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About Indigenous Communities and BC Assessment

About Indigenous Communities and BC Assessment

​​​Federal and provincial legislation allow for Indigenous communities to assess and tax real property on Indigenous Reserves, including real property occupied by non-Indigenous people. 

BC Assessment provides assessment services to a number of Indigenous communities across the province in support of independent taxation of their reserve lands.

Learn more about BC Assessment's commitment to Indigenous communities and our customer service standards to Indigenous communities.

Bulk electronic data
Electronic assessment data is available in bulk in various computerized formats, and is produced by jurisdiction or on a province-wide basis. Data is available in the standard Data Advice format, or can be customized to suit the needs of the customer.

Assessment Services for Indigenous communities

(This page does not apply to assessment of treaty lands.)

Indigenous Communities and Taxation of Real Estate on Reserve Lands

Federal legislation

In 1988, federal government passed amendments to the Indian Act allowing Indigenous communities to tax real property on reserve lands.  In 2006, the federal government enacted the First Nations Fiscal Management Act (“FMA”) which also authorizes Indigenous communities to carry out independent assessment and taxation on reserve lands.  Some Indigenous communities will continue to assess and tax pursuant to their powers under the Indian Act, while others have opted into the FMA assessment and taxation system.

Provincial legislation

In 1990, the government of British Columbia passed the Indian Self Government Enabling Act, which addresses Indigenous assessment and property taxation in British Columbia, under either the Indian Act or the FMA


There are three options under the Indian Self Government Enabling Act for an Indigenous community to enter the property tax field:

1. Concurrent Taxation — allows Indigenous communities and local governments to share taxation.
2. Independent Taxation — allows provincial taxes to be completely removed if Indigenous communities wish to implement their own property tax system.
3. Indian District Taxation — allows Indigenous communities with Indian District status to assume duties and functions similar to those of a municipality or other authority providing local services.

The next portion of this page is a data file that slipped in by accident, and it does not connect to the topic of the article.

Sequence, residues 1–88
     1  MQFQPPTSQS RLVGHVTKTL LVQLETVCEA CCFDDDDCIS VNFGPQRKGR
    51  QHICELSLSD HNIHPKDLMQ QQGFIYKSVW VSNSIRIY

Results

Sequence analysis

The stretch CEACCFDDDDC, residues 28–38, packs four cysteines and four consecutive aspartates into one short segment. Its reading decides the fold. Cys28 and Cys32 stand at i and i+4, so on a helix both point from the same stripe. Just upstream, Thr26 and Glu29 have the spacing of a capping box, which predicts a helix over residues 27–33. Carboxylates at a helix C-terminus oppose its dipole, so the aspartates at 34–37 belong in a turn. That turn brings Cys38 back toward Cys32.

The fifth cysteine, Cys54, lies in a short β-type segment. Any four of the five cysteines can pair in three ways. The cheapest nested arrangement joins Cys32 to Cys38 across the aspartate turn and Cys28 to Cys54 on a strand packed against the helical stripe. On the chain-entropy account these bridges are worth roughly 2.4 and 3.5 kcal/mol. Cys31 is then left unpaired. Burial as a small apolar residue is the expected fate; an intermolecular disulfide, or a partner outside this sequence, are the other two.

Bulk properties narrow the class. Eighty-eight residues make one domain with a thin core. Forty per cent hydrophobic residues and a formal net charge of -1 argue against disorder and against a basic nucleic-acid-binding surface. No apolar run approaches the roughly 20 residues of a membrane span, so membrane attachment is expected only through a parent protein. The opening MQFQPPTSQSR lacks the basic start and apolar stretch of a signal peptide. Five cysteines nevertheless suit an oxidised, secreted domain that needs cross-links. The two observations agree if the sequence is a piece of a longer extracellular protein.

All independently taxing Indigenous communities in British Columbia have chosen option 2—independent taxation. 

Indigenous communities who independently assess and tax must pass property assessment and taxation bylaws (Indian Act) or property assessment and taxation laws (FMA).  The federal First Nation Tax Commission (FNTC) supports the band as it develops the bylaws or laws and reviews them once they are completed. 

If the bylaws are passed under the Indian Act, then the federal Minister of Indian and Northern Affairs Canada must approve them.  If the laws are passed under the FMA, then the FNTC is the approval body. The FNTC is also available to intervene in disputes between the taxing Indigenous community and their ratepayers, to try and facilitate an agreement.  Further information about the FNTC can be found at

Process for Indigenous Community Entering Real Property Assessment and Taxation

1. The Indigenous community sends a Notice of Intent to the B.C. Minister of Finance, setting out which reserve(s) will be subject to independent assessment and taxation.

2. If bylaws (or laws) are enacted by an Indigenous community before March 1 of the calendar year of the notice, the bylaws/laws can take effect in either the current year (the taxes can be collected in the next calendar year) or the next calendar year (the taxes can be collected the year after that).  If bylaws/laws are enacted after March 1, then the Indigenous community must confirm, in the notice, that the next calendar year will be the first for which the assessment laws will apply (and the taxes will be collected the year after that).